See the slideshow for tricks that turn tapenade into dinner
Photography Peter Knab
Tapenade (Page 145)
Practical Playtime / Jobs For The Kids
- Take the olive stones out. Teach kids to do it by first pinching the tips, then squeezing out the stones. This is a great job to teach them.
- Measure and rinse small salted capers.
- Feel the slimy anchovy filets for fun.
- Peel the garlic. Jake and James love banging it to loosen the skin first.
- Measure olive oil.
My Cooking With Kids Recipe Diary
Jake 4 years 10 months, James 2 years 2 months
I’m writing this at the end of writing the chapter. James and Jake are going to sleep having had dippy eggs for dinner. Jess is checking the recipes then passing them to me to correct before I take them to my editors. I feel like tapenade is a dear friend who is about to go away.
I’ve had tapenade in my fridge for as long as I can remember, perhaps as long as I’ve had my own fridge. But over the last three months I’ve discovered new things about its taste and how to use it. A lot of these discoveries have come through the tongue and taste buds of my 4 year old and other kids.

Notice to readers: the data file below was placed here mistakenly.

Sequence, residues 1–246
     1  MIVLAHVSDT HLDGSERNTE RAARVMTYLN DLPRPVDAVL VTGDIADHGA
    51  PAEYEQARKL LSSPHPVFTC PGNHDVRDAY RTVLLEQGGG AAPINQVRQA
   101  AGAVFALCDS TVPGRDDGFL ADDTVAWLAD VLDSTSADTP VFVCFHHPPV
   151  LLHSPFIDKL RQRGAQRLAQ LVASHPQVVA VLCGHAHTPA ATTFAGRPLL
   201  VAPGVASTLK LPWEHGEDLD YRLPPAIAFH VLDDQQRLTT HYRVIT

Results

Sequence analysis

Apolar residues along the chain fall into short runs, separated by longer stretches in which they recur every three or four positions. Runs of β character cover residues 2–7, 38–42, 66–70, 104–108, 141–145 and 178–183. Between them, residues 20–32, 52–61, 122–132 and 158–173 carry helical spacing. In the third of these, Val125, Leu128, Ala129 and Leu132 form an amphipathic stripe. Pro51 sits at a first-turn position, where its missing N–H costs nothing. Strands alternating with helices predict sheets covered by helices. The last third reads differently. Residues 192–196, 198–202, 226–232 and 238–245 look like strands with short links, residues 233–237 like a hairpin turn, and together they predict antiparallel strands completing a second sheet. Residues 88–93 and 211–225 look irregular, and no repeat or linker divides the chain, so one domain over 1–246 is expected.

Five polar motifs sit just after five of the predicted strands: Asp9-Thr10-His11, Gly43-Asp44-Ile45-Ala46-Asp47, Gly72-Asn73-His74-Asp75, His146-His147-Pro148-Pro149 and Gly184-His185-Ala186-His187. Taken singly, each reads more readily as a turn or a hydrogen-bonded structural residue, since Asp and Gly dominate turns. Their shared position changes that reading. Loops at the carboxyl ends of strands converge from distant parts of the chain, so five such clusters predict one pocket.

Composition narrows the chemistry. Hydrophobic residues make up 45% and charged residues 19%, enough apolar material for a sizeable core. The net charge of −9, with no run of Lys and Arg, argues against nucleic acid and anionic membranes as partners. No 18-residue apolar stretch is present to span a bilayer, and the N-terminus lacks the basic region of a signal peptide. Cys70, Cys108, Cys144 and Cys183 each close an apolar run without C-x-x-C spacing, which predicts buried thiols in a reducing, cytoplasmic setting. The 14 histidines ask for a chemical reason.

The reactions of my boys, Casey, George and the two friends we have on Thursdays has not always been positive, but has convinced me that there is no such thing as 'grown up food'. If there was to be such a food group, it would certainly include tapenade. But I'm sure that kids will eat what they become accustomed to. Food is like books, TV, music or sport. Kids will learn to like it because it's what they have been exposed to and seen their role models enjoy.
It's not going well with James’s meals at the moment. But we’ll keep trying, and I’ll try to calm down at the table so I don't put him under any unhelpful pressure. I’ll keep getting him into the kitchen and I hope that by the time this book comes out when he is nearly 4, he’ll be scooping up the tapenade like his big brother, mum and dad. I also hope I’ll be a bit more relaxed about it if he isn’t.
Jake and I love a delightful series of books by Virginia Miller (Walker Books). There are two characters; George the big bear and Bartholomew the baby. Each book opens with 'There are days when Bartholomew is naughty and other days when he is very very good.' George asks Ba to go to the potty in one and to eat his dinner in another. Ba says 'nah'. Then 'nah, nah'. Then 'nah, nah NAH'. I won’t give the endings away but there is often a hug.
I'm George to James’s Ba for a while. I’ll get my hug soon.
'Eat your tapenade James.'
'Just a little?'
'With some bread?'
'Nah, nah, NAH.'
Maybe I’ll get this particular hug tomorrow.